Native Grasses for the Landscape - Eastern Gamagrass

Jennifer Blanchard, DeBoer, Eric

Eastern Gamagrass


Eastern gamagrass (Tripsacum dactyloides) is a warm-season grass that is native to Louisiana. The culms form bunches, making it a good selection as an ornamental grass in the landscape. This grass grows 3 to 6 feet in height and flowers in early spring with male and female flowers on the same plant (monoecious). Seeds are produced from May through July. These edible seeds are valuable to wildlife and livestock as a forage food. This grass can grow in a wide range of soils, including acidic soils.


Eastern gamagrass has a glabrous or smooth texture. Leaves are green to yellow-green and lighter on the underside of the leaf. The tips of the leaf come to a point. Seed heads are composed of one to three flower stalks. The male flower produces attractive bright yellow-orange stamens, and the female flowers along the same inflorescence are red to brown or purple in color. The male flowers are attached to the upper part of the inflorescence above the female flowers to allow for self-pollination. Eastern gamagrass produces deep fibrous roots.

Eastern gamagrass seed/edible kernels.

Eastern gamagrass planted in the landscape at LSU Hilltop Arboretum

Growing Conditions

  • Soil Type: Grows in a range of types from sand to clay soils.
  • Soil pH: Prefers soil with a pH of 6 to 8. Always follow soil test recommendations to achieve desired soil pH. Can tolerate some infrequent flooding. Classified as a facultative wetland plant.
  • Light: Grows in full sun to partly shaded areas.

Tip: Before amending the soil, consider testing your soil at the LSU AgCenter Soil Testing and Plant Analysis Laboratory or contact your local extension office for more information.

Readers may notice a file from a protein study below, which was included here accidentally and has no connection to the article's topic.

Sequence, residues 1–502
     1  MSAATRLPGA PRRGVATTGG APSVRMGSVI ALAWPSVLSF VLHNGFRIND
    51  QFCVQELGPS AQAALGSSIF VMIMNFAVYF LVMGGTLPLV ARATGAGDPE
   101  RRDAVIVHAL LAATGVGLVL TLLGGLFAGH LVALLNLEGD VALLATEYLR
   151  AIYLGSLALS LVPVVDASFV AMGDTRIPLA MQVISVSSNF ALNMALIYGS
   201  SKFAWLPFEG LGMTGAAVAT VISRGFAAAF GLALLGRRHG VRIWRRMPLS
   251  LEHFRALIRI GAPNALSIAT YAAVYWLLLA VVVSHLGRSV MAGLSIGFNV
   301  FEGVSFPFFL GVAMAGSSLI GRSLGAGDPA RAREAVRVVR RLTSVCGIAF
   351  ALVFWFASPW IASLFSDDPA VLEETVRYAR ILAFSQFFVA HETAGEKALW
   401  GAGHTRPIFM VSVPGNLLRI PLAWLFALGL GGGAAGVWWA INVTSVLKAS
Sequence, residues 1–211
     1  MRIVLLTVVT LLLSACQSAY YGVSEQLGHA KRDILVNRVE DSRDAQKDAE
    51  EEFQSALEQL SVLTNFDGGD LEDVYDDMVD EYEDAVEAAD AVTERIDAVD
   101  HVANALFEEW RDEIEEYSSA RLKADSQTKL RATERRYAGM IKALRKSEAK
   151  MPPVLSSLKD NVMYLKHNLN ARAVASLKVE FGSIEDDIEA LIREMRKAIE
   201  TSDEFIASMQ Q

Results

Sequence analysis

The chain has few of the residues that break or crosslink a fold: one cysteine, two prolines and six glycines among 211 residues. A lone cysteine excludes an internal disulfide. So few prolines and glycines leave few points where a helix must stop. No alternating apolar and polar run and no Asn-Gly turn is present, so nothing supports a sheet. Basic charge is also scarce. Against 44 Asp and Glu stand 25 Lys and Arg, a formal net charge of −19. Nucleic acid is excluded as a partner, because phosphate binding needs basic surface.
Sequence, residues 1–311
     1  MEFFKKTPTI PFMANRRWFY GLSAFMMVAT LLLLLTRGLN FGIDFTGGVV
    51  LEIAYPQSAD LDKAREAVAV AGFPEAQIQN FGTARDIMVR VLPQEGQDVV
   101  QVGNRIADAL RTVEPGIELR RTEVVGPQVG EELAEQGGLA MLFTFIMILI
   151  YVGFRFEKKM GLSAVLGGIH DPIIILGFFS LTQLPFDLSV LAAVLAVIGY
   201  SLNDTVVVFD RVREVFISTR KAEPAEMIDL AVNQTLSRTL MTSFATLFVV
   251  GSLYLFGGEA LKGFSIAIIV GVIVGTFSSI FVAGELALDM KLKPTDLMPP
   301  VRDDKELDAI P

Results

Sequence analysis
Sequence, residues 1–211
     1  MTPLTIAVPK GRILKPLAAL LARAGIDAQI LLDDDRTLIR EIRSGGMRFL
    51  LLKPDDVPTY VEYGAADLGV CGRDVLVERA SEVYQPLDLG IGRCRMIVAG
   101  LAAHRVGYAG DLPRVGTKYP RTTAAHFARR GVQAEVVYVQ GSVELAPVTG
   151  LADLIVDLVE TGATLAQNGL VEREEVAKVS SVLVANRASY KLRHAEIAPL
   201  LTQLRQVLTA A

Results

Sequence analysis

Maintenance Requirements

Gamagrass makes a good selection in the landscape because it requires little to no maintenance. You may want to remove the dead vegetation from time to time. It is, however, recommended to leave the biomass in the fall and throughout winter to provide a habitat for insects and small animals. Cutting back or grooming of the plant is best done in the spring. Plants can be divided every three to four years in the spring.

  • Fertilization: Gamagrass is a native plant that does not require fertilization. However, if plants are not establishing well or soil nutrients are poor, you may add organic plant food or fertilizer in early spring or late winter. It is recommended that for new growth in spring, an application of nitrogen of 50 lbs./acre at the end of April or the beginning of May can be applied if used as corn silage or for grazing and harvest. A second application of nitrogen of 50 lbs./acre can be made after each harvest or grazing cycle. In the fall, after the final harvest, make a top-dressing application of phosphorus and potassium. This will aid in winter hardiness and resistance to disease. Follow soil test recommendations for proper fertility.
  • Irrigation: Naturally occurring rainfall may provide sufficient water for maintaining gamagrass in normal years, but irrigation may need to be applied to prevent plant water stress during drought periods.

Establishment Methods

Eastern gamagrass can be established from seed using moist stratification for 1 ½ to 2 months. The tough outer seed coat delays germination, and scarification is recommended. The use of growth stimulation hormones such as gibberellic acid may help to increase the rate of germination. Plants can be propagated through division and transplanting. Native grass seed should be sown, or plants transplanted in the fall.

Wildlife Importance

Gamagrass is a larval host plant of byssus skipper (Problema byssus), as well as forage and cover for birds and deer.


Tripsacum dactyloides (Eastern gamagrass) | Native Plants of North America (

3/4/2024 9:27:19 PM
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